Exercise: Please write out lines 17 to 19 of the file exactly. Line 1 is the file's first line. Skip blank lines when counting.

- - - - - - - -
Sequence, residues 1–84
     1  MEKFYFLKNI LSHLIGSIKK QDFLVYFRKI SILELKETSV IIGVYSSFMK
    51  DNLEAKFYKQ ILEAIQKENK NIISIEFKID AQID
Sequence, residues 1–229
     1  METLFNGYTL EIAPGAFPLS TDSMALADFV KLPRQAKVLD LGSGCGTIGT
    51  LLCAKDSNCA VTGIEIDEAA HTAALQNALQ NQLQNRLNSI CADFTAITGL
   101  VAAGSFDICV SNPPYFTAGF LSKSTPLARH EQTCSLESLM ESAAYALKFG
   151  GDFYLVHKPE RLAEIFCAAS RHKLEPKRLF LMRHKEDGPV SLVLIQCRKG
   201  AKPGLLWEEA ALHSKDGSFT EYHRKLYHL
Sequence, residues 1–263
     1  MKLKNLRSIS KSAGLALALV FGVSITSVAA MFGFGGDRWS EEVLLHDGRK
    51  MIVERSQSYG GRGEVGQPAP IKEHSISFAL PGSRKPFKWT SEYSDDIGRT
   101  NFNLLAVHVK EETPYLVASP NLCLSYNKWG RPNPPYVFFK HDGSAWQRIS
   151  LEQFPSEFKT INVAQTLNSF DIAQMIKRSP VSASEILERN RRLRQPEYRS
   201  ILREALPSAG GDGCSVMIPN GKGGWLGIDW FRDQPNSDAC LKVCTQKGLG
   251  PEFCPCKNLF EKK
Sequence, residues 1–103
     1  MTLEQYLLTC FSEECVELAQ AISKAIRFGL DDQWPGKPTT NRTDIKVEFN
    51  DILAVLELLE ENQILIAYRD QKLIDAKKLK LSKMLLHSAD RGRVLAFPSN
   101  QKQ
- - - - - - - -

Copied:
Sequence, residues 1–103
     1  MTLEQYLLTC FSEECVELAQ AISKAIRFGL DDQWPGKPTT NRTDIKVEFN
    51  DILAVLELLE ENQILIAYRD QKLIDAKKLK LSKMLLHSAD RGRVLAFPSN